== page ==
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  • THE PRINTER’S KISS: The Life and Letters of a Civil War Newspaperman and His Family ed. by Patricia A. Donohoe
  • Sigrid Anderson Cordell
THE PRINTER’S KISS: The Life and Letters of a Civil War Newspaperman and His Family. Edited by Patricia A. Donohoe. Kent, OH. Kent State University Press. 2014.

There is no shortage of published first-person accounts of the Civil War, and researchers working on the period can find letters and diaries written from a multitude of points of view. Into this thriving industry comes The Printer’s Kiss, which recounts the wartime experiences of Will Tomlinson, an Ohio newspaperman, and his family. The Printer’s Kiss is edited by Patricia Donohoe, a descendant of Tomlinson’s who found a cache of letters in a cracker tin in a hall closet and then supplemented the collection through eBay purchases. Although The Printer’s Kiss emphasizes Tomlinson’s position as a newspaperman, this collection focuses less on Tomlinson’s work as a printer and publisher than on the details of day-to-day life in Ohio during the Civil War.

As revealed in the letters, Tomlinson presents a useful case study of varied opinions toward the war. A Democrat who supported the Union despite his opposition to Lincoln, Tomlinson’s letters bear witness to the divided politics and loyalties among Ohioans. Although Tomlinson served briefly in the Union army, he was relieved of his duties in 1861 because of his involvement in the arrest and shooting of three suspected “bushwackers,” Confederate guerrillas who roamed the countryside raiding Union households and troops. After being dismissed from the army, Tomlinson’s most substantial contribution to the war effort came in his newspaper work through publishing, reporting, offering editorialized accounts of recent events, and criticizing the administration of the war. Because Tomlinson moved where he could find work, and was often away from the family for long stretches, he left behind a substantial correspondence with his wife Eliza, who remained with their children in Ripley, Ohio. The letters between Tomlinson and Eliza bring to life the very real threat posed by encroaching Confederate troops, both official and otherwise, and Eliza’s sense of vulnerability to attack. In writing to her husband while he was serving in the army, Eliza confides that, “if they should come upon us, I know not where we would flee for safety. I rather guess we will have to stay here and take what comes. The enemy would be entirely destitute of manhood to slay a parcel of women and children, so we will have to trust to their magnanimity for our safety” (122).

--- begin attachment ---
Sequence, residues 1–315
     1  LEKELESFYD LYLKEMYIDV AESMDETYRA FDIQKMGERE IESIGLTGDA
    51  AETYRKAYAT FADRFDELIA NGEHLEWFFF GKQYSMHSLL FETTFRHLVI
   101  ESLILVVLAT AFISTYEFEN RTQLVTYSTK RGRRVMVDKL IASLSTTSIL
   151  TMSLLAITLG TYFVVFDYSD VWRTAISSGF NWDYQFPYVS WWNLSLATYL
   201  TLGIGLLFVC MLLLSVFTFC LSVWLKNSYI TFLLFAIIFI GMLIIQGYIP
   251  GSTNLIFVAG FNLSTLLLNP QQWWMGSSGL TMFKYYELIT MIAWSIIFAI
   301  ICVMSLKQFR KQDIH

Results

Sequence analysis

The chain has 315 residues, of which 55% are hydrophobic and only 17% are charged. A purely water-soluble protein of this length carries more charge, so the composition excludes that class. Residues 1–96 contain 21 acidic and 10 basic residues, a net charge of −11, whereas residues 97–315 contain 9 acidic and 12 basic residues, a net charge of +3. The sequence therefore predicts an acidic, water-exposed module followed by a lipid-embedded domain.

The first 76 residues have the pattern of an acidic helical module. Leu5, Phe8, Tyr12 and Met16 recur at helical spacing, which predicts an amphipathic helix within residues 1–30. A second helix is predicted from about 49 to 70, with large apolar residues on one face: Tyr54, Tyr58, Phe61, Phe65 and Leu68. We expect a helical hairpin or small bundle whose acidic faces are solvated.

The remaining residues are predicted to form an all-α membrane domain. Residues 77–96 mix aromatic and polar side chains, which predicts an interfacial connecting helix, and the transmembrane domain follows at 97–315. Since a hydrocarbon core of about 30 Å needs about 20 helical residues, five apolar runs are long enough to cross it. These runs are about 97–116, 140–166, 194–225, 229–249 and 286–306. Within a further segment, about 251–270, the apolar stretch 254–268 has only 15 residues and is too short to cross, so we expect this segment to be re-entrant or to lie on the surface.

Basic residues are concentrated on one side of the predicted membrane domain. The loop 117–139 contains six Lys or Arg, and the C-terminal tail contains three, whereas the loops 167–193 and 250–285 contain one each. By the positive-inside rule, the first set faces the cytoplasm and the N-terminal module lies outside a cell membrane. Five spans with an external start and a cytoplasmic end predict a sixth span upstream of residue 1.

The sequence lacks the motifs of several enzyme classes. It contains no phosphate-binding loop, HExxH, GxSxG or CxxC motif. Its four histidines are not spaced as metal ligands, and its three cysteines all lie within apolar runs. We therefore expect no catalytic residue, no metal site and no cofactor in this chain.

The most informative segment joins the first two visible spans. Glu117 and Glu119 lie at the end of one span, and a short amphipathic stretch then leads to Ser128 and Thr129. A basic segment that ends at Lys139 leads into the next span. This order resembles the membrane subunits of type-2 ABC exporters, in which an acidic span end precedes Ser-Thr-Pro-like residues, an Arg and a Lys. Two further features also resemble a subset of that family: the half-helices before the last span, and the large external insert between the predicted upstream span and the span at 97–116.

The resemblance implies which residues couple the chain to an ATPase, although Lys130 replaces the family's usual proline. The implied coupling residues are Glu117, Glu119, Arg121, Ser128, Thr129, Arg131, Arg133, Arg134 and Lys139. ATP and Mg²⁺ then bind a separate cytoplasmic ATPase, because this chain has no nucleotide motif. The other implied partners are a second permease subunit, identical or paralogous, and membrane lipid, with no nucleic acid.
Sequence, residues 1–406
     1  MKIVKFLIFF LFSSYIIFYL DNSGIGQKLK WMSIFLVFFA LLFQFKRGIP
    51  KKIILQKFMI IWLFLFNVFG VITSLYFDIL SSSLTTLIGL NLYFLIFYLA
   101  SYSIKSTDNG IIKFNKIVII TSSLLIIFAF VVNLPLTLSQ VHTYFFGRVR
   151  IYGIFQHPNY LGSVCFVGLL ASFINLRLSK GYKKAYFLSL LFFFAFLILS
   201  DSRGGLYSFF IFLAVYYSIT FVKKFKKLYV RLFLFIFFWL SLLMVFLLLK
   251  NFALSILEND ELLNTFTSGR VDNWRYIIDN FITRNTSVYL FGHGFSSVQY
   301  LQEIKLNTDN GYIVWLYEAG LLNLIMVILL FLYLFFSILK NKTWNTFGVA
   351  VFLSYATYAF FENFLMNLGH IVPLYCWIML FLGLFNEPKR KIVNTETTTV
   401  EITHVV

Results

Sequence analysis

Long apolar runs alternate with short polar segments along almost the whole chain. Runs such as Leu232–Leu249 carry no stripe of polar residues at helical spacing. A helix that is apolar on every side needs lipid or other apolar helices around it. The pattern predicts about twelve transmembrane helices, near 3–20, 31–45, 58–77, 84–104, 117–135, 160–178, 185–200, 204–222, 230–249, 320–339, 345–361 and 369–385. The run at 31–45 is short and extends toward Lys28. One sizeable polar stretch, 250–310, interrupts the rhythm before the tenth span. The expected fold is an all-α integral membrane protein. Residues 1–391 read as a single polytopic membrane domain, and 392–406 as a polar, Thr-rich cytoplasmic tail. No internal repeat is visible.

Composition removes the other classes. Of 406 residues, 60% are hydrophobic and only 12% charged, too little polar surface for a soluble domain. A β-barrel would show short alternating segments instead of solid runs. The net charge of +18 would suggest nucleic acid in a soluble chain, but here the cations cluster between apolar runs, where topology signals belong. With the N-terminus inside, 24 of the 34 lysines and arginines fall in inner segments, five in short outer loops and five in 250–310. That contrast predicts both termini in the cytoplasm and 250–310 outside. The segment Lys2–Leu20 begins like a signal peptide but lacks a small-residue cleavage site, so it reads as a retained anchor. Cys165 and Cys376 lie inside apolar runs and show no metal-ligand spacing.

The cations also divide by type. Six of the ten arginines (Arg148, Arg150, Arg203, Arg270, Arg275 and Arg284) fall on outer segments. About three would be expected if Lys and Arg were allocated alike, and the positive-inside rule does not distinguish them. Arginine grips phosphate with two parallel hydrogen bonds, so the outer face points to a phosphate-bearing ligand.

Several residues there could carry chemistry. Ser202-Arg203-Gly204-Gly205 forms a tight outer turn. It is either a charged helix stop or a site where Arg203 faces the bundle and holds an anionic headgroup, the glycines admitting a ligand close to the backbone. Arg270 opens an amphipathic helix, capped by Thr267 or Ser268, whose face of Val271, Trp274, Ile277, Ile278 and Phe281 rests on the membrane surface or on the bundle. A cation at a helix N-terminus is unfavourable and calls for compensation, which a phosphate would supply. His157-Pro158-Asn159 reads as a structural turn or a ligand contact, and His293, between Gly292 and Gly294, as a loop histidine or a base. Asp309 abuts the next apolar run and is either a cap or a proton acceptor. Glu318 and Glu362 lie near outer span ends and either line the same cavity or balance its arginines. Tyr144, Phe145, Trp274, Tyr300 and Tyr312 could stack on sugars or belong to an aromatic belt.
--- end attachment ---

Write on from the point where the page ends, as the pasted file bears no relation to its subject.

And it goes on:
In editing this collection, Donohue has painstakingly researched the historical context, including events and people mentioned in the letters. At times, the explanations framing the letters threaten to overwhelm the narrative offered by the letters themselves, especially in the early sections when detailed information slows down the pacing. Likewise, it is not always clear that the editorial glossing adds anything to letters that in many cases speak for themselves. For example, the editor’s commentary on a letter describing a pair of canaries that Tomlinson sent as a birthday present to his daughter injects a sentimentality that reaches beyond the language of the text: “He may also have hoped that Eliza would recall times when their love for each other was more like a robust melody than a long, plodding march” (147). This may or may not be the case, but it is not clear that such speculation adds to our understanding of the exchange. [End Page 174]

On the whole, however, this volume makes a welcome addition to the body of published Civil War narratives by offering a revealing view of wartime life in Ohio. Almost as interesting as the letters themselves is the story of how these letters were cherished and passed down within a family and finally made available to the public.

Sigrid Anderson Cordell
University of Michigan


Additional Information

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pp. 174-175
Launched on MUSE
Open Access
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